For companies large and small that depend heavily on vehicular transport, the gas shortage in the southeastern United States proved to be the great equalizer this month.
After news broke of a cyberattack crippling Colonial Pipeline, which distributes about 45 percent of fuel to the Eastern seaboard, panic-purchase trends led to gas shortages in 11 states, including Tennessee and its neighbors on all sides. In Tennessee, small businesses like Nash Painting saw significant logistical difficulties as a result. Ordinarily, the business puts about 15 vehicles on the road per day, mainly across Nashville, Franklin and Brentwood as well as neighboring cities, but by mid-month, Bill Nishanian said the shortage was threatening to grind his business to a halt.
“We’re streamlining trips and cutting out any non-essential travel. I’m off the road today,” Nishanian told Homepage at the time. “Our crews are out today and using the Gas Buddy app to identify stations with fuel.”
Since then, Nash Painting — ranking among the largest, non-franchise painting contractors in Middle Tennessee — has narrowly evaded drastic consequences by ridesharing, reaching multiple destinations per trip and tracking down fuel as cost-effectively as possible using GasBuddy, a mobile app that maps gas stations, sorts them by price and crowdsources a fuel availability tracker. The day Nishanian talked to Homepage, the app crashed for several hours during the afternoon.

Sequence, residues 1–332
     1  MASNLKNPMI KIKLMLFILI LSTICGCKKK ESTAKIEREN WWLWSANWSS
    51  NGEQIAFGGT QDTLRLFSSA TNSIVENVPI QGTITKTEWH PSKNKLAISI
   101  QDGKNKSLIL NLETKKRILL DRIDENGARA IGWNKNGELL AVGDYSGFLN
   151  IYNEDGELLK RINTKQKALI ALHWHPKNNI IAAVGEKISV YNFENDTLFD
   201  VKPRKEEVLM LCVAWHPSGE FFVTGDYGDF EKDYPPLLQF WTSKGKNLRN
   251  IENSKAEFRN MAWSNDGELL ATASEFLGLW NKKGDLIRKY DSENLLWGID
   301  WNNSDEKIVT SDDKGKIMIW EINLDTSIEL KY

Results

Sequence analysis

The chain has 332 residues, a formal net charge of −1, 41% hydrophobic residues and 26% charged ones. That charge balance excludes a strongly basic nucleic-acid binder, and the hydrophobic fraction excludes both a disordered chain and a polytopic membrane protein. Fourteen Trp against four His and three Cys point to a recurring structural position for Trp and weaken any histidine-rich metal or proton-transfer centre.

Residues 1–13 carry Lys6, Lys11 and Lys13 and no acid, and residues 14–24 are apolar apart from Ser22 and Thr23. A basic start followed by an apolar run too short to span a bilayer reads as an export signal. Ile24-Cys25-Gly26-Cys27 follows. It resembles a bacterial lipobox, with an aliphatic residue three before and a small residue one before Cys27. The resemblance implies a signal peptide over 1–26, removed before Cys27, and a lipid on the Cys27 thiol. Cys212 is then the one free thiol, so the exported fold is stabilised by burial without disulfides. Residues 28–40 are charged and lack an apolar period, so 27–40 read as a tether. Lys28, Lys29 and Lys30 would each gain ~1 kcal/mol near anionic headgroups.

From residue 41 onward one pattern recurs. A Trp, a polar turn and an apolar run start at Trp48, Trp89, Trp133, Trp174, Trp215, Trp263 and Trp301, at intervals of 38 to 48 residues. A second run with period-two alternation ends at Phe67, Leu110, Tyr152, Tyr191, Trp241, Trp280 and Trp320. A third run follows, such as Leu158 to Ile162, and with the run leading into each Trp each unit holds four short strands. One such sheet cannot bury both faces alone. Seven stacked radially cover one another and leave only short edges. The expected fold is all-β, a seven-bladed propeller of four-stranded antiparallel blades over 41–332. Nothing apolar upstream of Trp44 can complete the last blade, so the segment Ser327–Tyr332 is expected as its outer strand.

Throughout the worst of the shortage, the painting business aimed to utilize these methods without contributing to the panic-buying trends.
“We’ll do what’s best for everyone. We will not hoard fuel out of fear,” Nishanian said.
The significance of the shortage, however, was magnified by being in the throes of pandemic recovery, though. Like well over 6,400 businesses in Williamson County and 14,000 more in Davidson, Nash Painting received Paycheck Protection Program loans. Nishanian was committed to making it through the pandemic without letting go of any staff, and PPP loans were the difference maker due to the pandemic’s effects on their contracts.
“People weren’t comfortable having workers inside their homes. Many people lost jobs — or feared that they might — so they deferred maintenance on their homes where they could,” Nishanian said. “We give all the credit to God for getting our company through those difficult days.”
The pandemic was a lot to overcome due to the sustained decline in demand, but prior to the gas shortage, that economic downturn saw significant reversal for many services, including in-home maintenance requests. The pipeline hack threatened that uptrend by making it difficult for Nash Painting to capitalize on the return of regular opportunities due to the increased costs to dispatch staff to job sites.
Nash Painting also has higher prices than its competitors “because we won’t compromise on quality,” Nishanian told Homepage. Inflation for fuel prices has trimmed the company’s profit margins to a razor-thin extreme compared to pre-COVID revenues. Owner-operated competitors who undercut Nash Painting’s prices for what Nishanian says is less valuable can compensate for gas prices a bit more easily.
“It looks like the main lasting impact may be higher gas prices. We will feel the impact of that, no doubt,” Nishanian said. “But it won't be insurmountable. Compared to the pandemic, it will just [be] a bump in the road.”